14 Sep 2013 03:50
WINDHOEK, 14 SEP (NAMPA) - The Ministry of Health and Social Services is implementing measures to curb over-expenditure and has recently changed its procurement system for acquiring buy-out medicines through the Central Medical Store (CMS).
MOHSS Permanent Secretary Andrew Ndishishi in a media release issued recently said the CMS computer system measures the difference between the minimum stock it should ideally maintain, and the actual stock level at a particular period.
This comes after local media reported last month that medicine shortages were being experienced at the pharmaceutical warehouse at the CMS. Reports carried by local media had it that State medical personnel were forced to knock on the doors of private pharmaceutical companies for medicine, while some nurses allegedly also bought formula for premature babies.
However, Ndishishi denied the reports last month, saying stock levels stood at 89 per cent.
The stock level is calculated by the CMS computer system which measures the difference between the minimum stock CMS should ideally always maintain and the actual stock level in CMS at a particular period. This translates to about 11 per cent of items that were out of stock. This could be due to any of the following reasons: suppliers failing to deliver on time; delivery of wrong products that get rejected by CMS; items CMS is finding very difficult to source from suppliers; items discontinued and are still on CMS systems; or items that CMS cannot procure because the hospitals are yet to give a go-ahead to buy, he stressed.
According to Ndishishi, in the past, hospitals procured their own emergency medicines, a practice that has been terminated by the ministry due to uncontrolled and high expenditures, and double procurement of medicines by hospitals and CMS.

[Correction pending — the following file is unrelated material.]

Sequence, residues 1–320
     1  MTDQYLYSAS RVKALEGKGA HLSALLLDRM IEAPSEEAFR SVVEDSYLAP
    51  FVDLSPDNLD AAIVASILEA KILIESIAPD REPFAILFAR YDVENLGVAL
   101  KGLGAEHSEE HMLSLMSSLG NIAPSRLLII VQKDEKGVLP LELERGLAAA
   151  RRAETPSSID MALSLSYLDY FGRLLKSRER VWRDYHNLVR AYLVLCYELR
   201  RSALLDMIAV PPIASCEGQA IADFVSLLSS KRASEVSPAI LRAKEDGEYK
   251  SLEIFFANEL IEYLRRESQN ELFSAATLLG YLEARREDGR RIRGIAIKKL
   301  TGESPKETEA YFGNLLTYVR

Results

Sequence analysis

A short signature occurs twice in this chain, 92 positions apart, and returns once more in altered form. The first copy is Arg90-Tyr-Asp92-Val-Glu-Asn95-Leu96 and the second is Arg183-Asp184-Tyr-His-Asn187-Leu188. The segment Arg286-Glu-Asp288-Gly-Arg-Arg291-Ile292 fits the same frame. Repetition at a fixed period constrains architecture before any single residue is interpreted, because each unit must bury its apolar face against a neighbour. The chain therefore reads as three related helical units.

Meanwhile, the Presidential Commission of Inquiry into the Affairs of the Health Ministry raised the concern in its report handed over to President Hifikepunye Pohamba in April this year that the distribution of medicine and vaccines is generally inadequate at public health facilities.
Occasional stock-outs at regional levels were reported mainly due to stock-outs at CMS in Windhoek, which is caused by tenderers (external suppliers) breaching tender conditions. The external suppliers either fail to supply, or just delay in supplying, the report stated.
According to the commissions report, the process involving buy-out medicines when a lack of stock is experienced at the CMS was reported to be cumbersome and lengthy.
Buy-out medicines do not form part of the essential drugs list.
In the case where medicines have to be sourced through buy-outs from local private pharmacies, or from South Africa, health facilities are expected to complete a form at facility level and send it through the bureaucratic channels to national level in the capital for approval. This means the Therapeutic Committee has to scrutinise and approve the request before an Economising Committee approves the funding, and only then can the procurement be done. It was also noted that according to the Namibian Essential Medicines List (NemList), only certain medications are allowed at clinics, health centres and district hospitals. If medication needed is not on the authorised list for a specific facility at these levels, a separate motivation is submitted to the Therapeutic Committee in Windhoek for evaluation and justification before permission is granted. These processes delay the treatment of patients at that specific health facility.
A health system should ensure equitable access to essential medical products, vaccines and technology of assured quality, safety, efficiency and cost-effectiveness and their sound and cost-effective use, the commission indicated.